SENATOR ANDREWS: The budget process proposes 38,259 military positions and 38,220 full time equivalents in FY 1986. The Coast Guard authorization established a full time equivalent floor of 39,150. Is this shortfall the reasons for the requested bill language limiting funds for military compensation? What amount is necessary to fully fund the authorized personnel level? Why hasn't

the Department addressed this funding requirement in a reprogramming request, as directed for the Senate report?

ANSWER: Yes, the personnel shortfall is the reason for requesting limited funding. $773,800,000 in the Operating Expenses appropriation will fund compensation for 36,543 military full-time equivalents (FTES) of our budget total 38,220 FTEs and is consistent with our overall appropriation levels. The remaining FTEs will be funded from our other appropriations or reimbursable basis by other agencies.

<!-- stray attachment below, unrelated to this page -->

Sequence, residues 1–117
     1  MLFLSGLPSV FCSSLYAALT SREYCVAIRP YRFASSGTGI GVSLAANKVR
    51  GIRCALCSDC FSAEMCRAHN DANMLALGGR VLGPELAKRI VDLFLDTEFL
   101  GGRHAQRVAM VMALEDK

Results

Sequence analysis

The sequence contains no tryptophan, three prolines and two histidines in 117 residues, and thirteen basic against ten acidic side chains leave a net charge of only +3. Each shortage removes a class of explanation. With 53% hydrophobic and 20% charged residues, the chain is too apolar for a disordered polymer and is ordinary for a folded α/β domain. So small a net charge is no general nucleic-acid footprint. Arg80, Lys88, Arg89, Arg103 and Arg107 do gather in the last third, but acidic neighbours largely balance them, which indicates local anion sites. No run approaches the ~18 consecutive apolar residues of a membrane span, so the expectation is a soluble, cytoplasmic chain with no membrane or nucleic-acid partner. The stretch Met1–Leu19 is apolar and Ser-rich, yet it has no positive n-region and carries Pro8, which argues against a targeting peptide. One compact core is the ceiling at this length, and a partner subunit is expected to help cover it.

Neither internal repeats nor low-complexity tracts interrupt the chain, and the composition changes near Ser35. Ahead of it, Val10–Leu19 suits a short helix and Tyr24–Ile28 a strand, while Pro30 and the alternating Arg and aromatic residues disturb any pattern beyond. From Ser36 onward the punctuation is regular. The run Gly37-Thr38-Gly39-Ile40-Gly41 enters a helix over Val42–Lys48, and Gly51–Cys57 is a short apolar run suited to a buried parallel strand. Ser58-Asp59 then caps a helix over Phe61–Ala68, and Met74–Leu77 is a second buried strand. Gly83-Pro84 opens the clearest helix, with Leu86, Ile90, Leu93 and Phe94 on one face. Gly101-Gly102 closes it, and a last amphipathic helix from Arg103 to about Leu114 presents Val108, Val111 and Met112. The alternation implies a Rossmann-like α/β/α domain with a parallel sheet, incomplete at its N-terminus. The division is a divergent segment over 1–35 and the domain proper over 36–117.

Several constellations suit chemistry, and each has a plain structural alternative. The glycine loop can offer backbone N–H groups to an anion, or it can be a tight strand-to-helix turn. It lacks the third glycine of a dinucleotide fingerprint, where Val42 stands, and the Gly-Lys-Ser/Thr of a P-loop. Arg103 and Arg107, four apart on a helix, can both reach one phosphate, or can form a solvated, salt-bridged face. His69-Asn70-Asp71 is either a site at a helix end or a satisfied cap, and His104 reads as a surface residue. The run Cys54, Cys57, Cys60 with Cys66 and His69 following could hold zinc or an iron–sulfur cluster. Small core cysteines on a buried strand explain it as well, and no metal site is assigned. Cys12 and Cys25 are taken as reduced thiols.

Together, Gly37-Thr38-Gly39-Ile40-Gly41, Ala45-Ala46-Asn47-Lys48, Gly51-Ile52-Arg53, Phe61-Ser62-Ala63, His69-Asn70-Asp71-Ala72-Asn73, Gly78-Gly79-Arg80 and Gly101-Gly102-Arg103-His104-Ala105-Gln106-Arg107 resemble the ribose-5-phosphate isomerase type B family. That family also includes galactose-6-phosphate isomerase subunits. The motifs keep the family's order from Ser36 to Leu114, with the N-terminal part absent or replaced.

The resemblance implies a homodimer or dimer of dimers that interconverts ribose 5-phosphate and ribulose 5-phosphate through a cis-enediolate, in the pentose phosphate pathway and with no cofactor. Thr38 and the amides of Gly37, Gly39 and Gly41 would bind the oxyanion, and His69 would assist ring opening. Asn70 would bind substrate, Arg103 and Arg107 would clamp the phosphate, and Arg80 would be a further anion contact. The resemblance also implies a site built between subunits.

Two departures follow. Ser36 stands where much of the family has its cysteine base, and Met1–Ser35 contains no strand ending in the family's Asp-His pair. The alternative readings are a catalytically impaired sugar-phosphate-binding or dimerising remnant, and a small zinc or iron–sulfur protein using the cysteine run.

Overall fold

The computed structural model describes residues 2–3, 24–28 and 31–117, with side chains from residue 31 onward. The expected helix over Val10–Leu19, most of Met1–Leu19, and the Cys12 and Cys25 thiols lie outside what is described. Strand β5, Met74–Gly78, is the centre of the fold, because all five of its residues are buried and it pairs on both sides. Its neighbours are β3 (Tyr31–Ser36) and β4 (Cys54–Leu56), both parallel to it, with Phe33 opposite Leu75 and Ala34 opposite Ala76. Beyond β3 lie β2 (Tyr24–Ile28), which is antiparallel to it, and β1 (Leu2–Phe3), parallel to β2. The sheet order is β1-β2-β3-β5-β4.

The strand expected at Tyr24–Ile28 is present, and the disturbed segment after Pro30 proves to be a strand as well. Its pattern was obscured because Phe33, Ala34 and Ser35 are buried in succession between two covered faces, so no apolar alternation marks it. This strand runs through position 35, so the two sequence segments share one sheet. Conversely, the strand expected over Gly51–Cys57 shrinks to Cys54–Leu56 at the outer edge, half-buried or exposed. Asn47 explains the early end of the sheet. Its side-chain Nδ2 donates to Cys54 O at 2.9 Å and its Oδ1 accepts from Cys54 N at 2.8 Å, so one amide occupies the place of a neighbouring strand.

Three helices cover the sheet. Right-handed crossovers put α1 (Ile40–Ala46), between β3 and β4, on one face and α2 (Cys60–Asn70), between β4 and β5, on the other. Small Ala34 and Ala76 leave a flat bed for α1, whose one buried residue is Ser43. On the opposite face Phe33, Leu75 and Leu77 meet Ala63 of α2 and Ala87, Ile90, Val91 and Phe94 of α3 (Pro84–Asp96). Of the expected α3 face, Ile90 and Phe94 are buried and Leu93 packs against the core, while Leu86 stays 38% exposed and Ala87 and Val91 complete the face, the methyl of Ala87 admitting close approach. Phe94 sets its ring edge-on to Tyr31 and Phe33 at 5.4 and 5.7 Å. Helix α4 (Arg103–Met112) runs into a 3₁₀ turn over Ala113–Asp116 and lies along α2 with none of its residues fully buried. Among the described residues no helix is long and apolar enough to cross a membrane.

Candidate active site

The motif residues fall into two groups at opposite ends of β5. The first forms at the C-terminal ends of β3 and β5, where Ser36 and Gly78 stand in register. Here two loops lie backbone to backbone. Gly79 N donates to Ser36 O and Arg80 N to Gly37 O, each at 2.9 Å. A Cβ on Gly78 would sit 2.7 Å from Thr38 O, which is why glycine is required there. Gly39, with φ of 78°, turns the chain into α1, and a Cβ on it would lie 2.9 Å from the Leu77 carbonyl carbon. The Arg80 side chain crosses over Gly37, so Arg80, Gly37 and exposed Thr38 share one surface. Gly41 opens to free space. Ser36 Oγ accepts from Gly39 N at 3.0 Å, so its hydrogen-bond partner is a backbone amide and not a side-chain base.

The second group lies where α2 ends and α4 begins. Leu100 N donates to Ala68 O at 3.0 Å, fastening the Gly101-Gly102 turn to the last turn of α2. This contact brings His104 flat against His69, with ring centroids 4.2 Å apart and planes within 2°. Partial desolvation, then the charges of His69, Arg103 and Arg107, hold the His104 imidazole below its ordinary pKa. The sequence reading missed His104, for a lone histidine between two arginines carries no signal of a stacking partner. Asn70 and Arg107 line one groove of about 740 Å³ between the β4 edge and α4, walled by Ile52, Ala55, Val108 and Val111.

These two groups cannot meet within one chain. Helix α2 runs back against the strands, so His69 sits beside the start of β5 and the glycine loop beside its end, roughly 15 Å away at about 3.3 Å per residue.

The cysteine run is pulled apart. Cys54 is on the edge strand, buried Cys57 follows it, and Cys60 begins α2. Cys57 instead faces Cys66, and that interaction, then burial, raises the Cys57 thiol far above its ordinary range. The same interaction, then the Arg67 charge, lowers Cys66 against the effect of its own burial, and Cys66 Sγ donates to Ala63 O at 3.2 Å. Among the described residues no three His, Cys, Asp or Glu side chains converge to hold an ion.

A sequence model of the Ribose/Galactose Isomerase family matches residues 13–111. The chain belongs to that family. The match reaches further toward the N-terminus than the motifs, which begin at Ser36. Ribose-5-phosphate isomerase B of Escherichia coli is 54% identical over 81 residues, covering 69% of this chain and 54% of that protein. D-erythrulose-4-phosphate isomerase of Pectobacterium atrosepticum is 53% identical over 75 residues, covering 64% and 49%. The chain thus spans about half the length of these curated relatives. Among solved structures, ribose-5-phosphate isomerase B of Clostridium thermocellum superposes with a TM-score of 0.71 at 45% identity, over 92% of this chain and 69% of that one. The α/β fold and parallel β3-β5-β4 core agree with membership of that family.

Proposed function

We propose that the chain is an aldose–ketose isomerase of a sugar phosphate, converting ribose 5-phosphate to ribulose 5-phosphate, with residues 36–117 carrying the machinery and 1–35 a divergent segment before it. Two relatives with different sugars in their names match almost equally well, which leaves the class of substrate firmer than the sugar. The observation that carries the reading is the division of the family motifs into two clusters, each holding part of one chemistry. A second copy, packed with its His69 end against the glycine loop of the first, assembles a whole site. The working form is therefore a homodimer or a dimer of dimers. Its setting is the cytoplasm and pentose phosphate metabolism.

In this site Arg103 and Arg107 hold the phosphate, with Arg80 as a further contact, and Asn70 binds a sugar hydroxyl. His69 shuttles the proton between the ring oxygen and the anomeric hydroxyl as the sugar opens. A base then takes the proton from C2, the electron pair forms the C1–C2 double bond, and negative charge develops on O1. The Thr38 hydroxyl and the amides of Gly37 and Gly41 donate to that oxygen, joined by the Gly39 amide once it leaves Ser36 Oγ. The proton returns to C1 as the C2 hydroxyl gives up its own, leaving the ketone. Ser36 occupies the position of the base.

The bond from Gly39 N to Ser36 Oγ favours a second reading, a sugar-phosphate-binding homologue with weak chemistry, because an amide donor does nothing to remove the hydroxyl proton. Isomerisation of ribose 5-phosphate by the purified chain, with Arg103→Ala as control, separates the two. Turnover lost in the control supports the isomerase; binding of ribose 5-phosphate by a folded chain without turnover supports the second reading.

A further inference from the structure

To reach the floor (39,150 plus 157 Public Health Service officers) would require 1,087 more FTE. An increase of $32,134,981 would be necessary to fund those additional FTE.




SENATOR ANDREWS: The budget proposes legislation to authorize a system of user fees sufficient to collect $236 million in fiscal year 1986. Yet the so-called White House House/Senate leadership budget compromise assumes only $150 million in Coast Guard user fees. What changes will be made to the Department's legislative proposal of April 2 because of this reduction?

ANSWER: If the amount to be collected is less than the amount contained in the Department's legislative proposal, the level of cost recovery would be adjusted to reflect the change. The same services would continue to be eligible for cost recovery, and the fee schedules and collection systems would still be determined through the regulatory process.